Shamelessly nicked from an Indian retail site, I don’t actually own a bottle of the stuff.

I little bit of knowledge explains much I’ve found. Grants you see, is a product of the glenfiddich plant in spaeyside. It takes 12 years to mature their first single malt for retail sale, and up to 50 years for some of the more prestigious bottlings. Not all casks are destined to reach these lofty heights and some casks mature faster than others. As such regular testing of the contents of each cask is checked and rechecked every 6 or so months and when they start to mature they are hauled off to be blended into the their age bracket. Those that don’t make the 12th year (and there are many) are cut with grain whisky and other casks for near and far to gain some semblance of consistency, but It would seem that this year’s round of casks were a stellar bunch and with so much cream at the top, some of the still good casks were diverted into the Grants Blend.

In short, this year’s run is a bargain!

But I hasten to add this is most likely a one off event. Not long back I was put off the Glenfiddich when the 12 year tasted worse than cheap bourbon, a few years later the 15 year got some rotten reviews… its back on form again now, however, it is worth remembering that whisky is affected by the seasons, air quality, and any other factors. Distilleries have good years… and bad ones. So enjoy the Good Grants while you can, it won’t be round forever.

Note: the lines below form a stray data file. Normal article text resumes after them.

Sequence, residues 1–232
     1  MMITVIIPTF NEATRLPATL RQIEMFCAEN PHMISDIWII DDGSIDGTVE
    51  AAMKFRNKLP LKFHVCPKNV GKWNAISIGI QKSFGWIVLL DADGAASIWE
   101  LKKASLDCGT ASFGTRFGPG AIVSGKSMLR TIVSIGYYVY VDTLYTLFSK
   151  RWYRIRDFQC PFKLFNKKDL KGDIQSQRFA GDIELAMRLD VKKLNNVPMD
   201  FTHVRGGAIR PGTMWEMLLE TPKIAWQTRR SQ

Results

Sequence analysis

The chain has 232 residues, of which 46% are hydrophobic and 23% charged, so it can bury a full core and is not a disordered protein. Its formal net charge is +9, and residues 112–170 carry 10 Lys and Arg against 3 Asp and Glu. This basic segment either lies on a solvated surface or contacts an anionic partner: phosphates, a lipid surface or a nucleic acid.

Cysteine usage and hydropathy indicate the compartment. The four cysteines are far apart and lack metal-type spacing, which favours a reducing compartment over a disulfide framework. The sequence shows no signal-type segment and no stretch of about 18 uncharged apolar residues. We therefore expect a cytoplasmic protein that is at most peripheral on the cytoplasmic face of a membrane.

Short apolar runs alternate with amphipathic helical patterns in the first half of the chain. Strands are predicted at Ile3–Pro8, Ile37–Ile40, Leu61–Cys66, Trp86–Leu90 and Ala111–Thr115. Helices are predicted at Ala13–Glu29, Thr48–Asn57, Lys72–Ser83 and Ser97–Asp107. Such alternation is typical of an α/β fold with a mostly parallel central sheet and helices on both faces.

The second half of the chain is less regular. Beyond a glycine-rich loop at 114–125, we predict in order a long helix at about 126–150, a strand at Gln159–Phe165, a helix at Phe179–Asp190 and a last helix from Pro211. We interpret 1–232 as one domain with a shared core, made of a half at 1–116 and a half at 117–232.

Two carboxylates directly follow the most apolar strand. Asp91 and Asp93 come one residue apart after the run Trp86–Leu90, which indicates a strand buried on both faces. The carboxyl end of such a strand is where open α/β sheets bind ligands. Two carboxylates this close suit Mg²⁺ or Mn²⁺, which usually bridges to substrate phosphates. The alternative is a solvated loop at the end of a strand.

Categories: Basics of whisky, whiskey, and barrelwash, Blended, Tastings, Whisk(e)y | Tags: , , , , | 2 Comments

Passport Scotch whisky blended

The first time I attempted to try the Passport Scotch whisky was just after my parents had moved to Australia. As there were few who have not fled the nation for the land of milk and honey (or as I like to know it blocked nasals and stupidly high humidity) I inherited what was left undrunk, which included a collection of miniatures. There is an interesting family story that goes along with miniatures and one must be most careful to check the seal is still intact before placing it to ones lips for a swig. The mouthful of ancient ice cold tea was not what I was expecting, but came as little shock to me.

I honestly thought this was a dead brand and had decided to shrug off this famous drop as one that I would never get to experience… Until recently, when I discovered it had been re-released! After saving up for a couple of weeks I made my purchase and it has become my current quaffing scotch.

It is a Speyside blend, with liberal amounts of lowland whisky added to it, most likely cut with some form of grain whisky to bring the price down to a moderate level. Expectedly it is like honey on the nose, with a hint of peat following later in the breath. The bottle I’m drinking from is half full at this stage and has been for some time, therefore the spirit has softened slightly as happens when there is more air than fluid in the bottle. This can be a good thing in some cases, and in this case it detracts little from the first experience on the tongue. The peaty flavour comes forth first followed by malty tones that are reminiscent of marmite (oh how I lament for our unobtainable spread!), the finish lingers on in for a rather short period of time with the flavours on the palate leaving not long after.

This is a very pleasant drop on a budget, it does have a higher viscosity and thus has an almost oily mouth feel, this is not a bad thing as it helps it coat the mouth giving a fuller flavour. The colour is light amber, almost straw so I do not suspect any caramel has been added to the mix. This is (according to some sites) an up and coming blend and I for one can completely understand why; this blend is good bang for your buck.

Categories: Blended, Tastings, Whisk(e)y | Tags: , , , , , | 1 Comment